Addressing Interindividual Variation within a Science Dissection-based Anatomy Course

Aland, Rachel C. and Kippers, Vaughan (2005). Addressing Interindividual Variation within a Science Dissection-based Anatomy Course. In: , Abstracts of the ANZACA 2005: 2nd Annual Conference of the Australian and New Zealand Association of Clinical Anatomists. ANZACA 2005: 2nd Annual Conference of the Australian and New Zealand Association of Clinical Anatomists, Dunedin, Otago, N.Z., (Abstract No. 1). 2-3 September 2005.


Author Aland, Rachel C.
Kippers, Vaughan
Title of paper Addressing Interindividual Variation within a Science Dissection-based Anatomy Course
Conference name ANZACA 2005: 2nd Annual Conference of the Australian and New Zealand Association of Clinical Anatomists
Conference location Dunedin, Otago, N.Z.
Conference dates 2-3 September 2005
Convener Australian and New Zealand Association of Clinical Anatomists (ANZACA)
Proceedings title Abstracts of the ANZACA 2005: 2nd Annual Conference of the Australian and New Zealand Association of Clinical Anatomists
Place of Publication Melbourne, Vic.
Publisher ANZACA
Publication Year 2005
Year available 2005
Sub-type Fully published paper
Start page Abstract No. 1
Total pages 1
Language eng
Formatted Abstract/Summary Purpose:The purpose of this paper is to provide an example of teaching the concept of human
interindividual variability within a science anatomy course based on dissection.

Methods: Interindividual variation in human anatomy is a concept not often addressed in textbooks.
However, variability became noticed in teaching a large, dissection-based course. To address this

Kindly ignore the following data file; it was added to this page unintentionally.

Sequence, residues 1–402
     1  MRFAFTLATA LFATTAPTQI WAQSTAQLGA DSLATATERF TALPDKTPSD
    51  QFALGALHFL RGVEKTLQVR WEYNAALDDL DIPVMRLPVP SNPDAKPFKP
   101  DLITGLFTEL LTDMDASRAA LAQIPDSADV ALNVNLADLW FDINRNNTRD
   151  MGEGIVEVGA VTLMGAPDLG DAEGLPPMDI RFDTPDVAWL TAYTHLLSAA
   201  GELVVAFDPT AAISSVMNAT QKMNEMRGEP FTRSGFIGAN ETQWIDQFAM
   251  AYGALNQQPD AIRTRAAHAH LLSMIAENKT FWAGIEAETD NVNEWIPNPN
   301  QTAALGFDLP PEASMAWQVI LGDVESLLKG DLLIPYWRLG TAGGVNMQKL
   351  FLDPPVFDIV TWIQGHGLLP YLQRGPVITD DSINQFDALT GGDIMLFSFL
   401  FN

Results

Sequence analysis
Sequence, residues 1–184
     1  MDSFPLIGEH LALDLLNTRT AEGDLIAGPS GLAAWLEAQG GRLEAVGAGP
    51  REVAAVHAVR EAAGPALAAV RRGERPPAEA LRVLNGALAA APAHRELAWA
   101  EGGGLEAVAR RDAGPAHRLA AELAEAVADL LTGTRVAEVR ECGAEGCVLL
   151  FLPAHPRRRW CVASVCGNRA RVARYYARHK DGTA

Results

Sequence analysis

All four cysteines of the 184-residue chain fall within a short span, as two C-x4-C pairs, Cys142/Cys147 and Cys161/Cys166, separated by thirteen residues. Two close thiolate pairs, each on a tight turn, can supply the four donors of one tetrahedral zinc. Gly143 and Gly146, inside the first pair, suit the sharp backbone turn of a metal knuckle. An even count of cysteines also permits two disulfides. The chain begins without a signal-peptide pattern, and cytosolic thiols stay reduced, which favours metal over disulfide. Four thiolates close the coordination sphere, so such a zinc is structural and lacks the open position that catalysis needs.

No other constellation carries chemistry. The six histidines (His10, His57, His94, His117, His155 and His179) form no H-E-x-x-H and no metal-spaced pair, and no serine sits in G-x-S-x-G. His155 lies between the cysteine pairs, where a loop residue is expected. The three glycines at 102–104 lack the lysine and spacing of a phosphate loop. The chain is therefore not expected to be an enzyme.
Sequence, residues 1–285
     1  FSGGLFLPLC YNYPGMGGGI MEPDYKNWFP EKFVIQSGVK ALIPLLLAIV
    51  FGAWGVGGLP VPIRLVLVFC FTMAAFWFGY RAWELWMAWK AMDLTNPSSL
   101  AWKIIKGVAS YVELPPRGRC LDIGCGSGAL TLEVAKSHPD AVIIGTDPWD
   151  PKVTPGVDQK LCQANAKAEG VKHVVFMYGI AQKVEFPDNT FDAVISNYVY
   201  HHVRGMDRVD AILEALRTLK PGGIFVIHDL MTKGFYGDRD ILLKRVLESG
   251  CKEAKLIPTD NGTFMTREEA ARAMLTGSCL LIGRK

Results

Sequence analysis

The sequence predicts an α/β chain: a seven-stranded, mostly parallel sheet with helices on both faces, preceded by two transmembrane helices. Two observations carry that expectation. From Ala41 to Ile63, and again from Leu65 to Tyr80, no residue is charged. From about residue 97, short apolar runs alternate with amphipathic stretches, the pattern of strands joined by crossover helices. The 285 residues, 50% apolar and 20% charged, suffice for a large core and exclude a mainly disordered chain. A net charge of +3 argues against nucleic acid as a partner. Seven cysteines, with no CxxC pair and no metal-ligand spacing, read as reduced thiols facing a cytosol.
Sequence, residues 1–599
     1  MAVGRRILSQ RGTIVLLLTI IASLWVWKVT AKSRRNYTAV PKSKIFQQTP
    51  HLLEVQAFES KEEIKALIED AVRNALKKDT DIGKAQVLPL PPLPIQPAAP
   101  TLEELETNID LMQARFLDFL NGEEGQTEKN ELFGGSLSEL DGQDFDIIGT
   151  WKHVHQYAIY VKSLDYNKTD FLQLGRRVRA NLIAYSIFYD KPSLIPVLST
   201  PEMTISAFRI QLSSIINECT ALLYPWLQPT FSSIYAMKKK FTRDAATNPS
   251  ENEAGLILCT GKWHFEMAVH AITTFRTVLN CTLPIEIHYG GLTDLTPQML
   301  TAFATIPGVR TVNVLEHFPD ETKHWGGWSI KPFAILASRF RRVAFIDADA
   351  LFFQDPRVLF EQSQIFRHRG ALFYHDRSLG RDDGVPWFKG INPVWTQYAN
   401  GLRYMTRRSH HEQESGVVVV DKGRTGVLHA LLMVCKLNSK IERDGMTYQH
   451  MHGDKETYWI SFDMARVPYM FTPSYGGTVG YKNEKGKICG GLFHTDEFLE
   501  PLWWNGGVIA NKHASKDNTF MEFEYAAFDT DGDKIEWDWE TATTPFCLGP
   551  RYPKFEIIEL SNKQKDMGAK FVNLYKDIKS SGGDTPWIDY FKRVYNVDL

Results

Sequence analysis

concept and provide a framework for student learning and discussion, an assignment exploring
normality and variability in human anatomy, and potential clinical consequences of variations was set
as part of the assessment. This complemented the already existing lectures, practical classes and
tutorials.

Results: This assignment proved a valuable addition to assessment for this subject. Students
enthusiastically completed the task, which included information literacy sessions on locating relevant
articles in research-focussed journals. The assignments were completed to a very high standard. As
students worked in groups in the practical classes, the students chose different topics to research. This
had unexpected beneficial effects. Intra and intergroup learning was fostered, as students who were
‘expert’ on one topic taught others. Students became enthusiastic about searching for and identifying
variations during their dissection, and discussing their origins and consequences.

Conclusion: Human interindividual variability is an important and sometimes neglected topic in
anatomy education. This assignment is an example whereby this concept can be introduced to
students, providing them with a framework for identifying and understanding observed variations
without overwhelming them with details.
Subjects 130103 Higher Education
Q-Index Code EX

 
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Created: Thu, 09 Apr 2009, 16:01:18 EST by Mary-Anne Marrington on behalf of School of Biological Sciences